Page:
As any self-respecting nerd will have noticed, and others have already noted, Google recently started advertising its Chrome web browser on billboards and in newspapers around the UK. This represents an escalation of the second phase of the browser wars, and one of the few occasions Google has resorted to billboards to advertise a product.
Why bother advertising a free product?
The answer to why Google are advertising Chrome (which is a free download) is unsurprisingly similar to the answer to the bigger question; why bother building and supporting a free product?
Google make money by monetising user’s searches. People are great at optimising finding and using short-cuts, and modern browsers have built-in search bars. In short, more people using your search bar means more money, and Chrome (like Firefox) defaults to searching on Google.
Billboards – dated but still relevant
Let’s face it, it’s not Google’s style to put up great big billboards. It’s not smart, it’s not targeted, it’s not high-tech. However, ironically those attributes are exactly why they work in this situation.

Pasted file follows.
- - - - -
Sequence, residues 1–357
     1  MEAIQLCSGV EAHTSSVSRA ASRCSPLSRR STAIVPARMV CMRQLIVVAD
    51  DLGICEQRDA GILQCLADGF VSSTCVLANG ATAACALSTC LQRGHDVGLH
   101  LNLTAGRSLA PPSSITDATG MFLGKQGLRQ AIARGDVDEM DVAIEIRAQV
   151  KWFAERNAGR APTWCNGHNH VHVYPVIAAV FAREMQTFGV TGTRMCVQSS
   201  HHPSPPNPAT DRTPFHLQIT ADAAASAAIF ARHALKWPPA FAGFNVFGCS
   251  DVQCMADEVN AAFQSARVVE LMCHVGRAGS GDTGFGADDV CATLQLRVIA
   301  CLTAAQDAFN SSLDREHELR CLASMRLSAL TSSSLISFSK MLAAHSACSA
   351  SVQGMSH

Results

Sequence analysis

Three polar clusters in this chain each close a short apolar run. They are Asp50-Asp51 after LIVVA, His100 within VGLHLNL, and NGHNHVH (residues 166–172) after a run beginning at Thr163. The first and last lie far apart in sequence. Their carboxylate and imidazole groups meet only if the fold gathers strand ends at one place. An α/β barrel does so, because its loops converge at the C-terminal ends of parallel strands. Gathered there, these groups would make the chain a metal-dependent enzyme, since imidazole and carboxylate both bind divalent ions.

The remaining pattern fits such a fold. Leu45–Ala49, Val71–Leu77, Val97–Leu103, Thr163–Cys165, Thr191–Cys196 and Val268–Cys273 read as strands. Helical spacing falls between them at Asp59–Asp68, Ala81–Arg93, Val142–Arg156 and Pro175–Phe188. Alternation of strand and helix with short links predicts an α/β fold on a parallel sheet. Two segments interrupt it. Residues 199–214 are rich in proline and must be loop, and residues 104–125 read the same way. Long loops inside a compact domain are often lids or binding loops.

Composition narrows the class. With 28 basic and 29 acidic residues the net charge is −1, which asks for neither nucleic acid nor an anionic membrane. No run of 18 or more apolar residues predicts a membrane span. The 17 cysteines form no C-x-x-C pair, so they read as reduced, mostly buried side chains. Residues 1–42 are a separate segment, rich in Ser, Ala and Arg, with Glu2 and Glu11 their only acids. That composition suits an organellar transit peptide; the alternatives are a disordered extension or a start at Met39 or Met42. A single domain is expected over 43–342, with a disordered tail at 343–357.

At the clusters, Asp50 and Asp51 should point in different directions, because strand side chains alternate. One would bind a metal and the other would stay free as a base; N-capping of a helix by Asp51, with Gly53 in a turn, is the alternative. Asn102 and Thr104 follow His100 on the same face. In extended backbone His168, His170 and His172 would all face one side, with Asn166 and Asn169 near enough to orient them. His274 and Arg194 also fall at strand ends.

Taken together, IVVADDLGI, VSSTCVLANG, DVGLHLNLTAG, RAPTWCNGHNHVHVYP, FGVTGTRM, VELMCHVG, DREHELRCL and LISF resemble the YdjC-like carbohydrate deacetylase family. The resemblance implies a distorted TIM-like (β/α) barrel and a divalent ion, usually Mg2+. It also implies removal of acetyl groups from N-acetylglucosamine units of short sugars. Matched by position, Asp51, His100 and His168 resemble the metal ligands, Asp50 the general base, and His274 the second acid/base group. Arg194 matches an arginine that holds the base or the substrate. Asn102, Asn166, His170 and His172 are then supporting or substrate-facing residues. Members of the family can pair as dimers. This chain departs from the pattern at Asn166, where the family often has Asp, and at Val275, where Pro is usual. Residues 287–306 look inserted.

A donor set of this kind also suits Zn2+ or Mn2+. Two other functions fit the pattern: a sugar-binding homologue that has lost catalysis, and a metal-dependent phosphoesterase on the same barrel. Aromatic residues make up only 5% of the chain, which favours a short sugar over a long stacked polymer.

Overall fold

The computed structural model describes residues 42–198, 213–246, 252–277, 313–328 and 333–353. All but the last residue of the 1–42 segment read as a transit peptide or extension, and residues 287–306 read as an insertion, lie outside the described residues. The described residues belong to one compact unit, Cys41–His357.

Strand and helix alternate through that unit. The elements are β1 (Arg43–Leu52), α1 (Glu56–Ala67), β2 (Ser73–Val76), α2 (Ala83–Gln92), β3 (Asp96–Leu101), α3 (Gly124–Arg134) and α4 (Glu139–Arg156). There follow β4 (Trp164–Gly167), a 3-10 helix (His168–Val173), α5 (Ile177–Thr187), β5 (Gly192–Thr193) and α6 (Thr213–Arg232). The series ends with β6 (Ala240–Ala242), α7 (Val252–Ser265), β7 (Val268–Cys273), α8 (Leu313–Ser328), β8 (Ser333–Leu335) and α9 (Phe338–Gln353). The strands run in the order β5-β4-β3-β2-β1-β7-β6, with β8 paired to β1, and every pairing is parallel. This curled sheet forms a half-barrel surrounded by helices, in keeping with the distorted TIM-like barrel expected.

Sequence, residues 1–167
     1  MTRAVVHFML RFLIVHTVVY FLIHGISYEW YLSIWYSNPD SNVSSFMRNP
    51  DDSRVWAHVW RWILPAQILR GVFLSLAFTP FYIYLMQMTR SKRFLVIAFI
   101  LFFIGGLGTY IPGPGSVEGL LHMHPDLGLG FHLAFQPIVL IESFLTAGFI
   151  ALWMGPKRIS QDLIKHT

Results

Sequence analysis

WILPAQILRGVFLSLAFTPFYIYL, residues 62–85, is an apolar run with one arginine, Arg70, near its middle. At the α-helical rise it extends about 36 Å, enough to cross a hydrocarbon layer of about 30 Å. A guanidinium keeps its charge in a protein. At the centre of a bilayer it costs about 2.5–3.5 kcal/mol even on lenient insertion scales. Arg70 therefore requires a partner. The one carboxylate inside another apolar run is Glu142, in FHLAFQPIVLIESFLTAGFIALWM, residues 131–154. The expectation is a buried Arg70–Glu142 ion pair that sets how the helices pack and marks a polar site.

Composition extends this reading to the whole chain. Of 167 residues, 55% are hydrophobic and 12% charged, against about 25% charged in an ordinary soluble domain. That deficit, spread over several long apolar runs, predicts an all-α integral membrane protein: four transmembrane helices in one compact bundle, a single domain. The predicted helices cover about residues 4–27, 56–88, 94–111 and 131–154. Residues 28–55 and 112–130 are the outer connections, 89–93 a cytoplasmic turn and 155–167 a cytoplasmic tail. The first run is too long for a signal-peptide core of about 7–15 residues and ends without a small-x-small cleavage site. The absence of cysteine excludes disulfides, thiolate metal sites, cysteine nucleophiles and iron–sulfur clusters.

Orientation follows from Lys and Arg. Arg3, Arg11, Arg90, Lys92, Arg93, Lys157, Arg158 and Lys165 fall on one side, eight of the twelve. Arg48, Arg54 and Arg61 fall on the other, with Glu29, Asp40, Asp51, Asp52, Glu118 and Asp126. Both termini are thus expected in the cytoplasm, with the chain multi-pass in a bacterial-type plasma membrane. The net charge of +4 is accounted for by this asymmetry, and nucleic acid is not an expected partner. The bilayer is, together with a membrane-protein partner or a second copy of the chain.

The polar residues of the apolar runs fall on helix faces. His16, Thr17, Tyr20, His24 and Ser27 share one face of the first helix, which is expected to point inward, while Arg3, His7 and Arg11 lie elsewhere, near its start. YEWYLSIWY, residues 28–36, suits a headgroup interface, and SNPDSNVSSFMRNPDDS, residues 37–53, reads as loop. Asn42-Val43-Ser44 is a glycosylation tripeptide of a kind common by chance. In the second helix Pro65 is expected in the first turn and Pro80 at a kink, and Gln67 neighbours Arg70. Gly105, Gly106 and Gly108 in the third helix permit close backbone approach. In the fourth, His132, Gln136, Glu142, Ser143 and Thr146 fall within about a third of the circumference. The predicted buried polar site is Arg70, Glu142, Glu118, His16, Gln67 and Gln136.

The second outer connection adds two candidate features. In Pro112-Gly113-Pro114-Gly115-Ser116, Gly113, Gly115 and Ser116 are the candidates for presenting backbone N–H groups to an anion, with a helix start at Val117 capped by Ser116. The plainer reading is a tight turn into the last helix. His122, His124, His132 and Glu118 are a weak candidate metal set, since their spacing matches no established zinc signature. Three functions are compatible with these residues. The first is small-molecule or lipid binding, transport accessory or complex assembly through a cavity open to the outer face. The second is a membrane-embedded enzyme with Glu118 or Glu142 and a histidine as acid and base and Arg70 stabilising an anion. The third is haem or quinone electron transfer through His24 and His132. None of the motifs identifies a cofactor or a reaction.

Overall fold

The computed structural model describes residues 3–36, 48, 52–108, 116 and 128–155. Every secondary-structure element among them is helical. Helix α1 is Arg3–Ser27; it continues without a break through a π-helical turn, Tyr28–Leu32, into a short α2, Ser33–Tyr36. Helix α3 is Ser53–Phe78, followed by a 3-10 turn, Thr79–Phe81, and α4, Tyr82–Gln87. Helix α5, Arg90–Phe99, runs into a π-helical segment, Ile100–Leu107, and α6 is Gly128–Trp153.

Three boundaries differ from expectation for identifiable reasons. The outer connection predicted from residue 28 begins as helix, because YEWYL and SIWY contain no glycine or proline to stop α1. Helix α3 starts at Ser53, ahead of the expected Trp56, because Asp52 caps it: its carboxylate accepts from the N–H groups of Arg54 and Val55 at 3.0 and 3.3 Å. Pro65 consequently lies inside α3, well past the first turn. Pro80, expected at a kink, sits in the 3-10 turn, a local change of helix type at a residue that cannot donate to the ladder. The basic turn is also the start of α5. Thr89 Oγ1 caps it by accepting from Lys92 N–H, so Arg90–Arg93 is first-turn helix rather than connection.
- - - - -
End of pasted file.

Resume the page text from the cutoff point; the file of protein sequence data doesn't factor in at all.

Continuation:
Google’s main competitor in the search space is Microsoft (who have incidentally been advertising their search engine Bing heavily) and Microsoft’s largest user-base is the slow-moving majority who get Internet Explorer bundled with their PC. Via its default status in Internet Explorer Bing is by default used by that same slow-moving majority.
Since the majority is too big to be worth the extra cost of targeting; the common or garden billboard is a suitable way to get through to them (at the same time as reinforcing the brand with nerds who already know about it).